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Major: A Black Athlete, a White Era, and the Fight to Be the World's Fastest Human Being

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  • Posted April 26, 2010

    Major problems with Todd Balf's book

    Todd Balf's book has a lot of errors in it, and some things simply appear to be made up. Here are a few quick samples from just a few pages

    Page 205. Re Taylor's 1902 trip from San Francisco to Sydney. Balf wrote that Taylor. '... had 15,000 nautical miles to wonder if he'd be welcomed or chased away.'
    The great circle distance from San Francisco to Sydney is just under 6,500 nautical miles, not 15,000.

    Page 208. 'In McIntosh Taylor would eventually see an awful lot of Billy Brady-the orphan upbringing, the winning smile ...'
    McIntosh was not an orphan. Though his father died when he was only four, his mother lived another 51 years.

    Page 208. He refers to the 'boiling Tasmanian sea'.
    There is no Tasmanian sea. There is a Tasman Sea, commonly referred to by Australians and New Zealanders as 'the Tasman', but not the Tasmanian sea. That would be like an American referring to the Pacifican Ocean.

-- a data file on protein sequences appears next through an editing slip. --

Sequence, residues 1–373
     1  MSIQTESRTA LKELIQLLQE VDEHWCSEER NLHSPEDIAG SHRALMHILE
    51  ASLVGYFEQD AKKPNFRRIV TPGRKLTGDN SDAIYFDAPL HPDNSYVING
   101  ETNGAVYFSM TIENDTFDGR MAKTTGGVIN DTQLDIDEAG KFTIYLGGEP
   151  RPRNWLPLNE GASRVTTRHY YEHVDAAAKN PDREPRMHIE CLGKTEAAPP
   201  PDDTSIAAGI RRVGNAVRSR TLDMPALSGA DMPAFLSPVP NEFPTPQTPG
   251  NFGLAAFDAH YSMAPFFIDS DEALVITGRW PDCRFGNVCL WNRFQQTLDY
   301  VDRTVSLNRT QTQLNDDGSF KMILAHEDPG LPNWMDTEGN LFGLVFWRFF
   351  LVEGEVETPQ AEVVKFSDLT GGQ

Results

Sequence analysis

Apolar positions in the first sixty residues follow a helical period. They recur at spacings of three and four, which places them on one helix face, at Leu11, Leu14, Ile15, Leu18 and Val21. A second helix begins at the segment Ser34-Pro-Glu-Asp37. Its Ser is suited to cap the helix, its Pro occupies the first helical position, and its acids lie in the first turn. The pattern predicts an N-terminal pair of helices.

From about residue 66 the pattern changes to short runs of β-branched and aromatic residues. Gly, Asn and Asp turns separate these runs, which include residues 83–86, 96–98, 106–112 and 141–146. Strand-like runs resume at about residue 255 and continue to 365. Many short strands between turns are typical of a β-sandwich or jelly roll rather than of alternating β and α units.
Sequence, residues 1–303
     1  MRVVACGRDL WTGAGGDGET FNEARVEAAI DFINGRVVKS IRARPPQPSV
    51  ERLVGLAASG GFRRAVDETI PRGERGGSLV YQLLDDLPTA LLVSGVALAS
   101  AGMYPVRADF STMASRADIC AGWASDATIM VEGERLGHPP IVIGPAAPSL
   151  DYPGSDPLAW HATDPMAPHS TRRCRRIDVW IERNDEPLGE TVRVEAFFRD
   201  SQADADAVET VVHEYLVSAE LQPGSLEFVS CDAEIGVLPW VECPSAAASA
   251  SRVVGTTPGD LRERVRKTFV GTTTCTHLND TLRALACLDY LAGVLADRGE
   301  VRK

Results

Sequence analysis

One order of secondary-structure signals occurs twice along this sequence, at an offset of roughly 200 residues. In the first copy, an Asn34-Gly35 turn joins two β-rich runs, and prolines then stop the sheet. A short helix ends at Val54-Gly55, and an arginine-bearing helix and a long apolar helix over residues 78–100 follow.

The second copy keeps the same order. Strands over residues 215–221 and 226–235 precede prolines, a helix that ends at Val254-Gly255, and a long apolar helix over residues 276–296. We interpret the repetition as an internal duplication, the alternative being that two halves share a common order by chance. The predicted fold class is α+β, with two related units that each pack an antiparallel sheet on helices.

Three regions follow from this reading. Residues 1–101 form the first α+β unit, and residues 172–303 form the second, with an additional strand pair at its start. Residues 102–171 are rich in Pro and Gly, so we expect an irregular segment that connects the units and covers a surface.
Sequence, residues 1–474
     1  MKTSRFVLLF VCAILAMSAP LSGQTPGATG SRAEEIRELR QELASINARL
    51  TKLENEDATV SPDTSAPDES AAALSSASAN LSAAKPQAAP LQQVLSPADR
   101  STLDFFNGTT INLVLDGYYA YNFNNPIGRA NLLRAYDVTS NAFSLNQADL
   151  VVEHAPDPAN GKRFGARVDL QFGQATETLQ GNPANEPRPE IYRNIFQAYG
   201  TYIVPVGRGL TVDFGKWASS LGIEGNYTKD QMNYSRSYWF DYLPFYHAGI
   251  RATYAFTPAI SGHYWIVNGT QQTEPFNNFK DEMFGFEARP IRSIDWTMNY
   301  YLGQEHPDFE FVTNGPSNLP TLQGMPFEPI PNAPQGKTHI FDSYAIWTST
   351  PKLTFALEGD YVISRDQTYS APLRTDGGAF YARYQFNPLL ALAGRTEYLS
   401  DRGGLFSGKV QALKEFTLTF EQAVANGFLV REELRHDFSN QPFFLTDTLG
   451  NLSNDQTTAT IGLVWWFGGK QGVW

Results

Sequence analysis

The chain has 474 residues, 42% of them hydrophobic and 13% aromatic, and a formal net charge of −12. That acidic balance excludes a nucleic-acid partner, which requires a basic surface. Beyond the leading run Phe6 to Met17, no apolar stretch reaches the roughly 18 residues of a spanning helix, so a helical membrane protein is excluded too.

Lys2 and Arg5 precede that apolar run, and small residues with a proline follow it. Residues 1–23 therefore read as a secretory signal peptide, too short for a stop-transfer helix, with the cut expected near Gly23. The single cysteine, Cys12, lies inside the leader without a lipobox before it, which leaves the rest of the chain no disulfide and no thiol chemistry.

Page 209. He refers to the New South Wales Baptist newspaper as having devoted 'no less than five column inches' to an interview with Taylor.
    Not true. It was five columns.

    Page 211. He tells of Taylor's second race, held in Sydney, by quoting a writer describing Taylor's machine 'moving as Victorians have never seen a bicycle traveling before.'
    Not true. That quote was actually from several weeks later, when a writer was describing Taylor's win in a mile scratch race in Melbourne, Victoria. And as a direct quote, it should have spelled 'travelling' as it was printed in Australia.

    Page 214. Referring to the promoter Hugh McIntosh, and the period between the 1903 and 1904 Australian tours, he writes: 'On the heels of his immense success with the Taylor tour he was now introducing himself as Hugh "Huge Deal" Macintosh.'
    Not true. The moniker "Huge Deal" was not acquired by McIntosh until 1908, during the lead up to the Johnson-Burns boxing match.

    Page 227. Referring to the Johnson-Burns fight, held on December 26th, 1908, he said of McIntosh, 'He'd coordinate the timing adroitly, making sure the bout coincided with the arrival of a ready-made audience, the thousands of U.S. sailors who pull into Sydney Harbour with the Great White Fleet days before the title fight.'
    Not true. The Great White Fleet, in Sydney from August 20-27, 1908, left four months before the fight.

    Page 236. Balf states that Taylor '... hopped aboard the all-night Central Pacific for the 500- mile passage to Adelaide. Sometime in the early morning he passed within only a few miles of Peter Jackson's hometown of Sydney.'
    . There has never been a Central Pacific in Australia.
    . The distance from Melbourne to Adelaide is 450 miles.